Oh no, he di-in’t

Dood. Them’s fightin’ words.

Don’t fuck with the sock, man.


Maybe Schilling’s blog, 38 Pitches, will address this further. Right now, there’s nothing on there, but he does respond to readers queries (and how fucking cool is that??? How many big league pitchers do that?) and that was the first question out of the box.

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Wow

I just got the mail and there was something in it from Clara Barton Camp. I’d registered O two weeks ago and applied for a campership, but I didn’t think I’d hear anything so soon. Lo and behold, it was the notification letter.

Barton is an expensive camp. Well, to me, it’s expensive. $2,000 for two weeks. That’s a lot of money for us, way more than we can afford. Thus the campership application.

And they awarded her $1450.

Wow.

Just. Wow.

I’m so happy right now. O is going to be thrilled. She’s at the Cape until Friday, with school. More on that tomorrow.

Right now, just wow.

Sniffle. Snuffle. Ah-choo!

I feel like shit. Stuffy head, sneezing every 3.7 seconds, throat raw, eyes watering, ears aching, the whole sh-bang. And why is a fever of less than one degree making me feel like I’m dy-y-y-y-y-ying.

I was nominated for a Blogger’s Choice award. There’s a little doo-hickey over in my side bar. You can go vote for me (or not, your choice), if you’d like. Oh, The Joys nominated me (she’s hysterical. You should be reading her.) because she is the Nominatrix. Don’t get too close to her patent leather stiletto boots. Watch the whip, too.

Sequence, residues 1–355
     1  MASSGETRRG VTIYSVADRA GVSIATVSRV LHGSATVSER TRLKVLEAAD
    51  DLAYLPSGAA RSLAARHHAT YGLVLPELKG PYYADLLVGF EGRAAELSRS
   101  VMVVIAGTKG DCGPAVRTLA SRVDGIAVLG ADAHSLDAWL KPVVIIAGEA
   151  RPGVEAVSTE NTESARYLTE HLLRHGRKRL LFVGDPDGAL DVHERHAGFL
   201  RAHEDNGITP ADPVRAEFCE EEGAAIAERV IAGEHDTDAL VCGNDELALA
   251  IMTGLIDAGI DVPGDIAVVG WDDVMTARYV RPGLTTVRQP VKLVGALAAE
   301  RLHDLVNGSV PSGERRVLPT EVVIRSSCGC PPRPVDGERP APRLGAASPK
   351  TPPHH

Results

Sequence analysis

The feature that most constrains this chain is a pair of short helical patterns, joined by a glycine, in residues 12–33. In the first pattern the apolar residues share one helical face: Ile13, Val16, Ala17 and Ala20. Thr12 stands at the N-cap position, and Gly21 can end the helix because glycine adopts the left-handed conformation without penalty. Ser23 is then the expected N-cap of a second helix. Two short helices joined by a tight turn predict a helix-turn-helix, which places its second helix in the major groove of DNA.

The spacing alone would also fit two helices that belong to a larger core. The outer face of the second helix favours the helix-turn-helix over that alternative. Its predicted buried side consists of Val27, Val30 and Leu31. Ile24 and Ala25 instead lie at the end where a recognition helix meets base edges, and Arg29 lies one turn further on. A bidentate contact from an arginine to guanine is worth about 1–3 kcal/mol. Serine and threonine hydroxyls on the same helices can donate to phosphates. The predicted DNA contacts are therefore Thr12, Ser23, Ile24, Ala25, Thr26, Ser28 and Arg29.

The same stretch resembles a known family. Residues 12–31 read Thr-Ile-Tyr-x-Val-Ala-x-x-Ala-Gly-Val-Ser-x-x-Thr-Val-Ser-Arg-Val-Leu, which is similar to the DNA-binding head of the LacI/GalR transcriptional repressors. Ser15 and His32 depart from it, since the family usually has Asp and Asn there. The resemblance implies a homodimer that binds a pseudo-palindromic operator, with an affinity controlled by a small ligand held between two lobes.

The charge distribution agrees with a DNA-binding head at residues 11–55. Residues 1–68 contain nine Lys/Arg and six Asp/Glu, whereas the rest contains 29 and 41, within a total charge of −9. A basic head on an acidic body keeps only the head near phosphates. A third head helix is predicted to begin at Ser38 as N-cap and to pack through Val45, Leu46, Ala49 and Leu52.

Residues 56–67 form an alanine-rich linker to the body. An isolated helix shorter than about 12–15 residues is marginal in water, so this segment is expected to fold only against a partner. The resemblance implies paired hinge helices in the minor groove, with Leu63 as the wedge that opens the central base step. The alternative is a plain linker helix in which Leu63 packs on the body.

I have a couple of posts brewing but because my head feels like it weighs about 400 lbs, I’m not writing them. I’m also not writing the articles that are due on, what? Friday? Great. Another shitty article from me. I’m surprised I haven’t been fired yet.

Ugh. Off to curl up in a ball and moan.

That’s so gay

I was reading a blog today and in the comments was this back and forth about the blogger’s new car. Someone referred to it as gay. The blogger responded back in a way that made me assume that they’re long-standing friends. There were a couple of other comments, too, that made me cringe.

It really bugged me. I said so in the comments. I almost didn’t, though, and then I thought “Wait a minute, if I don’t say something, I’m condoning the talk, aren’t I?” So, I commented. Maybe the blogger and the other commenter are rolling their eyes or calling me the PC police, but I don’t care. Not standing up when I feel strongly about something is definitely not my style.

My son’s dad is gay. My sister is gay. One of my best friends is gay. I think I know just as many gay people as I do straight. And it really pisses me off when people use the word gay as a sign of something inferior, something to be laughed at and mocked.